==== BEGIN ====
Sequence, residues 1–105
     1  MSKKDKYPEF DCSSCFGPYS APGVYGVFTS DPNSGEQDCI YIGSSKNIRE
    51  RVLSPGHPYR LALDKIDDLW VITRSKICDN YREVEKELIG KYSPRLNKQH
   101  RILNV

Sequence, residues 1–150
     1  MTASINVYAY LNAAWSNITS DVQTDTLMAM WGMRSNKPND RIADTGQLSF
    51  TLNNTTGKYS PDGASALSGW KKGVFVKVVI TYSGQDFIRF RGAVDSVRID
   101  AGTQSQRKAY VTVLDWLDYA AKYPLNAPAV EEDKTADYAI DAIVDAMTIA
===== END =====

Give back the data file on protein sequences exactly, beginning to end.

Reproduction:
Sequence, residues 1–105
     1  MSKKDKYPEF DCSSCFGPYS APGVYGVFTS DPNSGEQDCI YIGSSKNIRE
    51  RVLSPGHPYR LALDKIDDLW VITRSKICDN YREVEKELIG KYSPRLNKQH
   101  RILNV

Sequence, residues 1–150
     1  MTASINVYAY LNAAWSNITS DVQTDTLMAM WGMRSNKPND RIADTGQLSF
    51  TLNNTTGKYS PDGASALSGW KKGVFVKVVI TYSGQDFIRF RGAVDSVRID
   101  AGTQSQRKAY VTVLDWLDYA AKYPLNAPAV EEDKTADYAI DAIVDAMTIA